Adrian Beasley and Michelle Salamon
Studio 3: Tales of the Uncanny
This studio examines the notion of ‘the uncanny’, the feelings of uncertainty, the strangely questionable and the intellectual hesitancy in the unusual. The concept of the uncanny is the Freudian concept of an instance where something can be both familiar, yet unknown at the same time; the feeling of personal disturbance of what is normal, a crisis of the natural, touching upon everything that you might have thought was the normal reality of the world.
This Freudian principle is the leading governance behind (cautionary) tales, stories regarding supernatural events, horror, monsters, the unnatural, the curiously disturbing, the fear and ‘uprooting’ our own beliefs. Yet this principle isn’t just the experience of strangeness or hostility, it can consist in a sense of uprooted comfort, the feeling of uncertainty in the heart of what is usually consistent. It can be something that is strangely mesmerising, or eerily reminding us of something inwardly held or even repressed; like déjà vu. It can also be an internal emotion, an uncontrollable compulsion or desire to drive unrealistic fears.
This studio is designed to enable you to freely explore your personal visual language, map connections and directions equally between the two subject areas of Graphics and Illustration, provide theoretical context to experimentation and original ideas.
Initiating dialogue through the use of illustrative techniques and graphical structuring, this studio encourages a breadth and depth of practice that compliments critical debate around the traditions as an illustrator and the creative boundaries within graphic design, and as a graphic designer exploring the eclectic visual language of illustration.
Within the studio, we will lightly touch-upon and navigate the basic values of the Freudian concepts of ‘the Uncanny”, Conscious and Unconscious, ‘The Ego and Id’, Oedipus complex, Psychosexual and Surrealism, dreams, mistakes, notion of ugliness, portents and monsters, etc.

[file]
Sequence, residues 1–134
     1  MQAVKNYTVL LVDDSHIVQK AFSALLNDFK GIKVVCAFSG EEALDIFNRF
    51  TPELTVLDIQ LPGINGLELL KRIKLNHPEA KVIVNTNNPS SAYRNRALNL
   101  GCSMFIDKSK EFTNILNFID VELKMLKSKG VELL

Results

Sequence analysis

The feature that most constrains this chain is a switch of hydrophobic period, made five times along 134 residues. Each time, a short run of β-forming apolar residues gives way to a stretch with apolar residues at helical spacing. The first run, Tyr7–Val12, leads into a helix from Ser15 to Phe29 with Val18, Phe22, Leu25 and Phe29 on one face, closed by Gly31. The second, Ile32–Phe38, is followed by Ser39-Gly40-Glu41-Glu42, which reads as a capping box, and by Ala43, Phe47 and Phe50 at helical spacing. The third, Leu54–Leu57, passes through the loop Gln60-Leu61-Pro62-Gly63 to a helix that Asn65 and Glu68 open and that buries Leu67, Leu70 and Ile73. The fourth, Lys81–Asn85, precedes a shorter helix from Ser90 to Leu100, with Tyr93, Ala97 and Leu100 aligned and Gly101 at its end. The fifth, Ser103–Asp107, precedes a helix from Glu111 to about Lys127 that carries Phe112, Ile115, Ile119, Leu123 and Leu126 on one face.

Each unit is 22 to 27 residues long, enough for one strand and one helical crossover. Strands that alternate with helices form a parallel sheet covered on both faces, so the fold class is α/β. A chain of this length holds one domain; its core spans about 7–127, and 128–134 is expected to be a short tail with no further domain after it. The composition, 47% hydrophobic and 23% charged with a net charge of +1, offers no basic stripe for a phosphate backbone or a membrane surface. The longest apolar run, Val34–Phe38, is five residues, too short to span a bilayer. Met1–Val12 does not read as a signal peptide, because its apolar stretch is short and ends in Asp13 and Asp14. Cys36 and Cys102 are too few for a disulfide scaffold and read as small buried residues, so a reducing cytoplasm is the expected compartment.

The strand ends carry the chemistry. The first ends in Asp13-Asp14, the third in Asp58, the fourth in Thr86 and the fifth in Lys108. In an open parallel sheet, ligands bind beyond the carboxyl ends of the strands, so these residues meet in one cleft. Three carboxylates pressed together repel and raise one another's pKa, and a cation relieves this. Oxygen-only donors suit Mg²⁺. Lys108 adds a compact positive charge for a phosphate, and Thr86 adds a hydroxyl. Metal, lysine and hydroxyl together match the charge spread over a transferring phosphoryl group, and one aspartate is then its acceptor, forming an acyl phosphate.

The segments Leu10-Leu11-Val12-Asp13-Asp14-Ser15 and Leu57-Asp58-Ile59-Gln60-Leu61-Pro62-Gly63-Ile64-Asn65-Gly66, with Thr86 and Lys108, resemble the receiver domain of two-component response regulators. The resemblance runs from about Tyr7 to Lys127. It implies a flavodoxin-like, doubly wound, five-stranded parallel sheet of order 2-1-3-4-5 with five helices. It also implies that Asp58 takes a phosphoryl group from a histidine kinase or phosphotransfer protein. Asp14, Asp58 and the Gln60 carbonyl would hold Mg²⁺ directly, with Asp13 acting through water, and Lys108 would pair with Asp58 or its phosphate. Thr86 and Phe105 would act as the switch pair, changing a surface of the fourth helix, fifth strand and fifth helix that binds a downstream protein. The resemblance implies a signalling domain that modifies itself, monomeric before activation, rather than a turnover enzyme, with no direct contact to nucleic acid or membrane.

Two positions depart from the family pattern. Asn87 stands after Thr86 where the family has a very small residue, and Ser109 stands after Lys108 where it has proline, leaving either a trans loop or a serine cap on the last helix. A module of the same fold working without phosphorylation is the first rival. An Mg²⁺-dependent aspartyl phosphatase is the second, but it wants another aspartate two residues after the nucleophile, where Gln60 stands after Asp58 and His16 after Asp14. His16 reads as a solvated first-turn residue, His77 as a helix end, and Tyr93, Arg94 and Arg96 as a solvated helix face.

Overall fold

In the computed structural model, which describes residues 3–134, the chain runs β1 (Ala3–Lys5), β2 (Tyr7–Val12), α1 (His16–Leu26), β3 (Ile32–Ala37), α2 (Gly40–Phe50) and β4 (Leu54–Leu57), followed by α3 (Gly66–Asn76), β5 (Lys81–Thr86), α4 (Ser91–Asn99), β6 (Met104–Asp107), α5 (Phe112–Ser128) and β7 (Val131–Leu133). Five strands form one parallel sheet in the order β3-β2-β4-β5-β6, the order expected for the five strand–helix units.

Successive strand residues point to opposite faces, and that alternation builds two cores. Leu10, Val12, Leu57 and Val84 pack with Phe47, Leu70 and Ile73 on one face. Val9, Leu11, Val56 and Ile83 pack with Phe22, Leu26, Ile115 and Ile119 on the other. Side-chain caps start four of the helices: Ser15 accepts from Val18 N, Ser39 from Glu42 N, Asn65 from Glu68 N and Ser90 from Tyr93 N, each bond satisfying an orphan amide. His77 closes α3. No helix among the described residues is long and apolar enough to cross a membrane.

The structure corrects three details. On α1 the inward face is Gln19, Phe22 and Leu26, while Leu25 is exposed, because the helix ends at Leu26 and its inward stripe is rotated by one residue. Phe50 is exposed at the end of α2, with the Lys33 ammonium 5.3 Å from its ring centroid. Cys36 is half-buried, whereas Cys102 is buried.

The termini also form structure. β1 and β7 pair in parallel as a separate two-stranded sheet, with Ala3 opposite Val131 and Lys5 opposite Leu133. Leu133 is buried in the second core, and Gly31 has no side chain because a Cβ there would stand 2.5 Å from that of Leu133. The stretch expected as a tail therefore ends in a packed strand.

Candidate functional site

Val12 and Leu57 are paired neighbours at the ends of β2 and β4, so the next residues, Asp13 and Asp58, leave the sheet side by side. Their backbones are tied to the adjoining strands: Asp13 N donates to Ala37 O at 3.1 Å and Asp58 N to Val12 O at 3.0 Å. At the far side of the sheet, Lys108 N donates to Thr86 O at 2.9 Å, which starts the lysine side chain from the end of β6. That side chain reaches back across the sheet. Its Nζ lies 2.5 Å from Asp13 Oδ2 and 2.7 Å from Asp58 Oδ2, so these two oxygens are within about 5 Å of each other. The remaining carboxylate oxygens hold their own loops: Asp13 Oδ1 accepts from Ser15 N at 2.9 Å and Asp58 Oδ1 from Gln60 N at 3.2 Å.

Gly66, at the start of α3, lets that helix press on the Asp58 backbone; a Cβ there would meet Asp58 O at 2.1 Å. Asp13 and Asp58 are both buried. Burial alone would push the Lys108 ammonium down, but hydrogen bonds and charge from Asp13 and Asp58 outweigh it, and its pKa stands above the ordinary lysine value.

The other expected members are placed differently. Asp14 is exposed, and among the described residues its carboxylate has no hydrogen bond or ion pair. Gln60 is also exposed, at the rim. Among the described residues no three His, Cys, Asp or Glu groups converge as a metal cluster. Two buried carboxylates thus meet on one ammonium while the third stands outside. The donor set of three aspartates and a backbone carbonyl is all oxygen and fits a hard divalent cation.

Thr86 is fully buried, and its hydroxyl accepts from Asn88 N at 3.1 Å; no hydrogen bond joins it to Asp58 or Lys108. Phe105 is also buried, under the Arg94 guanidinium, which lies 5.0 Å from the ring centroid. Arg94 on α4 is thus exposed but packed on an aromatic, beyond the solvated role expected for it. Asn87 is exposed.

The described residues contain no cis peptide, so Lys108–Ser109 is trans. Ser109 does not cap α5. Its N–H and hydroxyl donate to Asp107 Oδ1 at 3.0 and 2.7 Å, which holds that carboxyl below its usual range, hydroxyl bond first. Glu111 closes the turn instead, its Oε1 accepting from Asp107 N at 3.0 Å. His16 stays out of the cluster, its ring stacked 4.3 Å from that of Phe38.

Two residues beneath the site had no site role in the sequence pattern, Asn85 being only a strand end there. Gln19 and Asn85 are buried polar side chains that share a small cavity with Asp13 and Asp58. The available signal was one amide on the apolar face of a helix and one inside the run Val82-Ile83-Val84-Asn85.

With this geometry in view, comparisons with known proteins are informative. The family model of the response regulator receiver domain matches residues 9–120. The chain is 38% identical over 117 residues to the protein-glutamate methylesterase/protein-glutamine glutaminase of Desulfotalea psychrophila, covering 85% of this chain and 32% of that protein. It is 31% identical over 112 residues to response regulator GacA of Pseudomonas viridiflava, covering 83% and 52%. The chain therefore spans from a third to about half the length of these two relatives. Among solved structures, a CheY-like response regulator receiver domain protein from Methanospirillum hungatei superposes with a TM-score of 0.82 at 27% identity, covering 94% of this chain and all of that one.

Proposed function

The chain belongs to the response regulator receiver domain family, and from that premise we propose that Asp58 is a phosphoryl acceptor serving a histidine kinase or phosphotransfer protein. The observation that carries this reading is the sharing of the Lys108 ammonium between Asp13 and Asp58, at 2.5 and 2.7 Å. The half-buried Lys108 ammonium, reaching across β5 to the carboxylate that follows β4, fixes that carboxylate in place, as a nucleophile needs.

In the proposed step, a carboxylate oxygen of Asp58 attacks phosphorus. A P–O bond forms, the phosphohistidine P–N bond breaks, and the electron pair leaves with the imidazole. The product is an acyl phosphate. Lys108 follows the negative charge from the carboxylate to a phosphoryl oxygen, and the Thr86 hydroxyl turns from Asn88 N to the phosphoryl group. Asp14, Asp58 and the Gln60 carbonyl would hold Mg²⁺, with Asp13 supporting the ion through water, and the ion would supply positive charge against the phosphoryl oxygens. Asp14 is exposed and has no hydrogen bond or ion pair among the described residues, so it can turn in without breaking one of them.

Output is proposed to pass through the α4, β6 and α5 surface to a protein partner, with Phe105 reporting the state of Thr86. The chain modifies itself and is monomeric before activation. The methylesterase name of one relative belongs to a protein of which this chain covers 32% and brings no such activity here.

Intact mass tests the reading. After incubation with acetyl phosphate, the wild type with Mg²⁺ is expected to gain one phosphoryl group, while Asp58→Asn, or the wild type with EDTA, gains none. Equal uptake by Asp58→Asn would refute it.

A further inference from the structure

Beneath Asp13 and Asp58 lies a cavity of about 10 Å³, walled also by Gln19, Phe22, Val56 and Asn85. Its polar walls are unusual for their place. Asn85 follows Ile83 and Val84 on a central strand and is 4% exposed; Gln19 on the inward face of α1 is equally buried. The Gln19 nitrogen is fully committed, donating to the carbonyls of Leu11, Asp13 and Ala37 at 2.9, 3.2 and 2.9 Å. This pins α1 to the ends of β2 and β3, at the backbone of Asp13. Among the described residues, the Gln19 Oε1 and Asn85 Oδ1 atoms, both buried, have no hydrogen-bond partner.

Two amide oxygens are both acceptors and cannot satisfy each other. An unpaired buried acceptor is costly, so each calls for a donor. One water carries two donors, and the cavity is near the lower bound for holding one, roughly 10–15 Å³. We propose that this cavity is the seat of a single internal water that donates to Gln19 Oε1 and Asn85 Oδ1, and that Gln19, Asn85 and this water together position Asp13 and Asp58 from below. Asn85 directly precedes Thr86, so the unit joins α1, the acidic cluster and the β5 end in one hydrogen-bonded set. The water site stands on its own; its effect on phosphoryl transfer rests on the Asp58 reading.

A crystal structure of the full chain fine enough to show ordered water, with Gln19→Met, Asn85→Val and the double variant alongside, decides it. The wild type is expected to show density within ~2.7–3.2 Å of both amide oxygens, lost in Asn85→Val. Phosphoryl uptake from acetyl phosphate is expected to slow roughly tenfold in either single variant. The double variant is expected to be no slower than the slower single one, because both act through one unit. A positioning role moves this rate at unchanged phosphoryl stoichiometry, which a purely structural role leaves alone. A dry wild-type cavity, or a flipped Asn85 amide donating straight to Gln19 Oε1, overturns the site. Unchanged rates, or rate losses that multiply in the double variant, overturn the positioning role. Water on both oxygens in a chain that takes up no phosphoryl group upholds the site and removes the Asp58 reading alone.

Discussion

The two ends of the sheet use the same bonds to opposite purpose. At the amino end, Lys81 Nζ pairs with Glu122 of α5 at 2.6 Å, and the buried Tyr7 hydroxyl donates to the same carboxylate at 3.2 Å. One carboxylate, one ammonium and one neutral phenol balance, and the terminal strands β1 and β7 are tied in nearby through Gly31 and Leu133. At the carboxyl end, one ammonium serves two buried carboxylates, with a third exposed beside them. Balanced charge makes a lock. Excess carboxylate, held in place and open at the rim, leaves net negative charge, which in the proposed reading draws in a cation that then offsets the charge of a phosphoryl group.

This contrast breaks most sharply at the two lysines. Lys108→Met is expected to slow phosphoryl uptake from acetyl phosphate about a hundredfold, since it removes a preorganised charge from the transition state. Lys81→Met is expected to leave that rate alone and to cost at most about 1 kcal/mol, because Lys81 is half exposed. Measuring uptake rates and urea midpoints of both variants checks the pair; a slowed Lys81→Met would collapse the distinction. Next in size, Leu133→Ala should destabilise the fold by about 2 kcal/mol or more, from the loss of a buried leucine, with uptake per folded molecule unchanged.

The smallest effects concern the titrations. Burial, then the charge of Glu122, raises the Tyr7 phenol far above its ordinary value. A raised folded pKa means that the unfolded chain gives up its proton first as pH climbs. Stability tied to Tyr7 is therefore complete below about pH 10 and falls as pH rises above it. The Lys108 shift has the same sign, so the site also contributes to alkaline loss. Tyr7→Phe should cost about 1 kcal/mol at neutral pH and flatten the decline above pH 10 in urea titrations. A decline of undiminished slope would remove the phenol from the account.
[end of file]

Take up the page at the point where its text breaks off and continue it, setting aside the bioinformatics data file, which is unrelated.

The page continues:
The Resurrectionist: the lost work of Dr Spencer Black' E.B. Hudspeth/ ‘The Book of Imaginary Beings’ J.L. Borges
People no longer believe in miracles, irregularity or the curious as everything should be explainable according to the laws in nature, objects cannot come to life, people and animals have different characteristics and evolved independently, etc…
...though historically the depiction of monsters never really disappeared but rather with the onset of medicine and the curiosity of science, the aberrations were relabelled as portents or natural anatomical events, though has biological science got it wrong….. do we still live in a time of mythical shifts in nature, are non-human individuals born as a sign of some allegorical message…
...using the book 'the Resurrectionist: the lost work of Dr Spencer Black' as a reference point you are expected to generate your own self-published book of fantastical, mythical, anatomical reinventions…illustration and graphical layouts that investigate the notion of the 'realism'(!!); a reinvented understanding of human creativity; a self-authored fictional narrative…
‘The Uncanny’ S. Freud
...you must begin to construct your own visual catalogue of ‘your uncanny’, the classification of repressed, found, generated and experienced emotions, capturing the duplicitous feelings of déjà vu, the grouping of visual signifiers that can evoke your personal uncanny, etc… this publication is self-authored, illustrated and graphically designed…
Studio Trips: Wellcome Foundation: An Idiosyncratic A to Z of the Human Condition, The Grant Museum of Zoology and Comparative Anatomy, The Royal College of Surgeons